How I did it: I prepared each plywood sheet by marking a grid on the sheet and staining an alternating checkerboard pattern for each tile. The medium and light stain I used was perfect and then used a router with a 6mm diameter rounded end to groove the perimeter of each of the 8 tiles per sheet of plywood. The router effect makes the tiles look visibly separate but are still physically fully connected. The router groove is very shallow and looks like a grout line when complete. Each sheet of plywood sheet was then notched on the side with a router and biscuit bit at matching locations to allow a biscuit to be installed when mating two sheets of plywood to eachother. Yes I glued all the sheets of Plywood to eachother along the cut edges of the full size sheet once on the floor. In addition to this I also used PL400 to Glue each sheet of plywood to the concrete. The pattern of glue bead on the concrete was once around the perimeter and a switchback pattern thoughout the center. I glued only one plywood at a time and weighed it down with 16 bags of 50lb weight in each bag. I used carpenters yellow glue to bond the mating surface between the plywood sheets as well as the biscuits. I let each individual sheet of plywood glue dry for a full day before I took the wight off.

    I then filled any narrow gaps between the sheet with wood filler and sanded it down at the joint. The following sheets were then installed one at a time until the room floor was covered. I then cleaned all the surfaces of the plywood and varnished the floor with a semigloss finish. I used 4 coats with sanding between each coat. I was then finished.

    Don’t try this if you have high moisture as my situation may be different that yours but for basements that are not experiencing any moisture exposure this is a great way to finish a basement floor. It has been down for two years now and is still as the day I put it in. The Varnish will have to be kept up with as it is the layer of wear and tear protenting the veneer from being worn off, so pick a good varnish.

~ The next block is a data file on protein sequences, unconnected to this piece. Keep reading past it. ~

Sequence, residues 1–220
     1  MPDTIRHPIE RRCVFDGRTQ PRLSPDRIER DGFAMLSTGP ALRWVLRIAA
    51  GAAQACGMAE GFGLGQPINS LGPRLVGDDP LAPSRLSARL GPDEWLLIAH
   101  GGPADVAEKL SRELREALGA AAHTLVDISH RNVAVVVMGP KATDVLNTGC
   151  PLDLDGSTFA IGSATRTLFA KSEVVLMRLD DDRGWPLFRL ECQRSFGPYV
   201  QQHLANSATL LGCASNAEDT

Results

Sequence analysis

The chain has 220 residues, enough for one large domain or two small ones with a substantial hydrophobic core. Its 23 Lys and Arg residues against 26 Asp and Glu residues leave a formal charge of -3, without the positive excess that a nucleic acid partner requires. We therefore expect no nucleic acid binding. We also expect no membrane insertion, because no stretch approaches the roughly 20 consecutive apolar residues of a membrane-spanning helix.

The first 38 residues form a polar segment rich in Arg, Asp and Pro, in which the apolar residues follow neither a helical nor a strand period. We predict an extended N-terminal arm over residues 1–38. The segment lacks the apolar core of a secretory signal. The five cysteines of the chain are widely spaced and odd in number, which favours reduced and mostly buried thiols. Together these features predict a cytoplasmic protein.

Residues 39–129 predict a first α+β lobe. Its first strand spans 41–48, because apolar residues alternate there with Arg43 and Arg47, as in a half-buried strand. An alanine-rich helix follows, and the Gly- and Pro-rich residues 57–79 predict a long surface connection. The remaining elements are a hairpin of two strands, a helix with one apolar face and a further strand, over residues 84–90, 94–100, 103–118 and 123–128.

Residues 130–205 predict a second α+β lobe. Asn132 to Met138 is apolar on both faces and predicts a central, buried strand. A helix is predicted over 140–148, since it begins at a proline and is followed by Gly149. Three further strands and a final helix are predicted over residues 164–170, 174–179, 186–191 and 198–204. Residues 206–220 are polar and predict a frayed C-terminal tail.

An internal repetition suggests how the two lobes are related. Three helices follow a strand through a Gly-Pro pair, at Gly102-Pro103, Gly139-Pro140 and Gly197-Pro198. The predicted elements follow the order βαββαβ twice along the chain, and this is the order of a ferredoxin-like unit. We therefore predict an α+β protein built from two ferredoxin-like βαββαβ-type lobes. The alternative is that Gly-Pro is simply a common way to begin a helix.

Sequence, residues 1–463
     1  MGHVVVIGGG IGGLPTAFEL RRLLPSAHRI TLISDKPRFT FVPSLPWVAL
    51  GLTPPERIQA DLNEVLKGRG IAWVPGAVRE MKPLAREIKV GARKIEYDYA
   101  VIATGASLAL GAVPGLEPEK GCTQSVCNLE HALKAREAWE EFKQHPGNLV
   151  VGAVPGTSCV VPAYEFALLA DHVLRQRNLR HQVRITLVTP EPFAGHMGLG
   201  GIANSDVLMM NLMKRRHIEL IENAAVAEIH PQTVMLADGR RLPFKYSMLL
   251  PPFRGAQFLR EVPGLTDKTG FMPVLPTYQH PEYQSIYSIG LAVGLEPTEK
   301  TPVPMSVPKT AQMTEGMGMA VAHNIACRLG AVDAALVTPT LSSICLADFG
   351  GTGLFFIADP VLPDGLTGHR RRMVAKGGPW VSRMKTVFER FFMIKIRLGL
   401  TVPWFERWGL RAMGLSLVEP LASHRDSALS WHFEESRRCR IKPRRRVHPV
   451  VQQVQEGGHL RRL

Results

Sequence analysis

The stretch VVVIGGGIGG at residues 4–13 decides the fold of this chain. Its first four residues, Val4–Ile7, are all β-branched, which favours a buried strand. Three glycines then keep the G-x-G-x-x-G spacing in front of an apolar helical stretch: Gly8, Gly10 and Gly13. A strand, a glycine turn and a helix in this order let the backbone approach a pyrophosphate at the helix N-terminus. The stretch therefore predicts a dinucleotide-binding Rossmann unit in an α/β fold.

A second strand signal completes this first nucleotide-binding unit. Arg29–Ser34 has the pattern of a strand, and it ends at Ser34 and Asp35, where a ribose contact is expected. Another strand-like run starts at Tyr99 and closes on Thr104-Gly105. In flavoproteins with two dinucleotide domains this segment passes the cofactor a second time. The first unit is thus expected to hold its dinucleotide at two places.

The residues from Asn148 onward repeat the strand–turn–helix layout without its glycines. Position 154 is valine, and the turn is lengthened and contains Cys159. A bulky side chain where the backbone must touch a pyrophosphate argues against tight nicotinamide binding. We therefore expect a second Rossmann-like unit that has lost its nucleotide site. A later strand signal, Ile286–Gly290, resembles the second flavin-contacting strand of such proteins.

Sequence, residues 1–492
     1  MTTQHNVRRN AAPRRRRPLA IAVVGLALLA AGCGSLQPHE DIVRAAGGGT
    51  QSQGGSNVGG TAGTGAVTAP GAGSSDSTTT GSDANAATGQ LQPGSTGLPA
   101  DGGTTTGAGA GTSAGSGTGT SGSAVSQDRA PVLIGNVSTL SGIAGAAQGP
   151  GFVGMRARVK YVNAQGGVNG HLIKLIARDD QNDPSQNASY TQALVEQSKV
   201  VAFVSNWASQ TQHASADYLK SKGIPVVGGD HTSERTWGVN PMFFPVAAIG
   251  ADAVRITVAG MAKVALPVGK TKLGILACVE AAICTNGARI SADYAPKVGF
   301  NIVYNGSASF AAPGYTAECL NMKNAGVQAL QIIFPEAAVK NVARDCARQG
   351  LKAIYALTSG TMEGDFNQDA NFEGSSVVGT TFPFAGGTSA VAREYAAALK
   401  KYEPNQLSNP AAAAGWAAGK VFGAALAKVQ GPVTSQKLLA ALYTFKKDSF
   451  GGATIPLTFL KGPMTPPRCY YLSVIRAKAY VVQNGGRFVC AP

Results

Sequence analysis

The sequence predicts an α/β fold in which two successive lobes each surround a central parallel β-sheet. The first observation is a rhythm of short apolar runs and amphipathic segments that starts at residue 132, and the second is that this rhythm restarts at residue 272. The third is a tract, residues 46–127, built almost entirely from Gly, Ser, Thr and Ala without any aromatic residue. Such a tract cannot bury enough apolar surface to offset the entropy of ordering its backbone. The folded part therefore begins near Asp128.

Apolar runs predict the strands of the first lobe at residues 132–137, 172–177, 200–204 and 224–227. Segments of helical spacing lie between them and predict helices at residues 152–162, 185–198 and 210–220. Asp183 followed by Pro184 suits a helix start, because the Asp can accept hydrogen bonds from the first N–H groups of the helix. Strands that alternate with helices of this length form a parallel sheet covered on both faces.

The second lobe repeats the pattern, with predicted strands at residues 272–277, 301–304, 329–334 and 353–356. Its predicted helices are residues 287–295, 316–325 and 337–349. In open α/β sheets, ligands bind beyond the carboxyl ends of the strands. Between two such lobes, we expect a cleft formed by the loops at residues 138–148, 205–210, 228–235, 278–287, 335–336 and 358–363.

John Barry

  10. June 20, 2010

    Thanks for the comment John! Why don’t you send me some photos and I’ll post them up for everyone to see…

  11. Catherine Johnson #
    December 10, 2010

    Due to finances and the need to remodel, plywood flooring is our choice. Your information is very helpful! I could not, however, find the follow up pics – and those would be extremely helpful. If they’re available, would you email them to me? We are novices, but we’re going to give it our best shot. Thanks!

  12. January 3, 2011

    I can post some more floor photos for you to see – it’ll just take me a few days.

  13. Anna A #
    January 9, 2011

    Hi Zora,

    W.O.W! You’ve proved that thinking outside the box can create great results.

    12 months after installation, how are your floors going in regards to showing dents/scratches/wearing? Comparable to solid timber floors?

    Keep up the good work! AA.

  14. September 15, 2011

    Hi Anna,

    A year and a half after moving back in, the plywood floors are holding up better than the refinished oak – in spite of heavy plasma car use. Totally recommend this option.

  15. March 19, 2011

    Hi there – I’m really new to the blogging world and ran across your post on the plywood floors. Love this! We are currently fixing up our 1950s rancher in Spokane, WA and I’m looking for green and low cost options. I’ll be doing this in our kitchen and will be sure to share my triumphs with you as well. Thanks again!

  16. April 29, 2011

    These are really affordable and they look good, not too shabby for plywood.

  17. March 17, 2012

    i did this before and remember that the look didnt last, i think down to my amateur installation and inadequate coats of varnish… im thinking of doing it again. is there anything that can go over the top of it that will form a really solid and protective coat, rendering the floor as tough as ‘engineered’ or solid board? the floor is destined for a really heavy traffic location… any advice welcomed! James

  18. July 16, 2012

    We used 5 coats of polyurethane and that seems to be holding up very well so far.

  19. Amanda #
    June 27, 2012

    I saw this on “Look What I Did” and since then have been lusting after it. Now I have a house and my dog has chosen to destroy my carpet I am ready to give this ago.
    My biggest question is the BEST way to lay it and keep it sturdy and beautiful. I would consider myself a PRE novice (lol) but am willing and eager to learn more about this project. I was simply going to put some screws into the floor to keep it down, is this enough?

  20. July 16, 2012

    I don’t know what the best way to do it is, but we used glue between the plywood tiles and the subfloor, as well as finishing nails in each corner of the tile. It’s been 2.5 years of heavy kid use and seems to be holding up very well.